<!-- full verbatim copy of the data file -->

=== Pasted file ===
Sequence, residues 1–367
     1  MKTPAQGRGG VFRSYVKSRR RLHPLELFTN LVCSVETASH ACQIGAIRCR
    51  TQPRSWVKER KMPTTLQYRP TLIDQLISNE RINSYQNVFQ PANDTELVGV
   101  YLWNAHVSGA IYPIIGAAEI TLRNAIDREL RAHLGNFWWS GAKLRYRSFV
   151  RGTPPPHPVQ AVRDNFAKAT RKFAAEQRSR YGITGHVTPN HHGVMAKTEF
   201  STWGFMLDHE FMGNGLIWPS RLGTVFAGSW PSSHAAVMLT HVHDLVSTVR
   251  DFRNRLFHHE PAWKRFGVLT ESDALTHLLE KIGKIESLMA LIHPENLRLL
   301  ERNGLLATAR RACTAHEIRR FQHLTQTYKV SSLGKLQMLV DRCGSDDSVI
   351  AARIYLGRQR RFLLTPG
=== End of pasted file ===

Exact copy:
Sequence, residues 1–367
     1  MKTPAQGRGG VFRSYVKSRR RLHPLELFTN LVCSVETASH ACQIGAIRCR
    51  TQPRSWVKER KMPTTLQYRP TLIDQLISNE RINSYQNVFQ PANDTELVGV
   101  YLWNAHVSGA IYPIIGAAEI TLRNAIDREL RAHLGNFWWS GAKLRYRSFV
   151  RGTPPPHPVQ AVRDNFAKAT RKFAAEQRSR YGITGHVTPN HHGVMAKTEF
   201  STWGFMLDHE FMGNGLIWPS RLGTVFAGSW PSSHAAVMLT HVHDLVSTVR
   251  DFRNRLFHHE PAWKRFGVLT ESDALTHLLE KIGKIESLMA LIHPENLRLL
   301  ERNGLLATAR RACTAHEIRR FQHLTQTYKV SSLGKLQMLV DRCGSDDSVI
   351  AARIYLGRQR RFLLTPG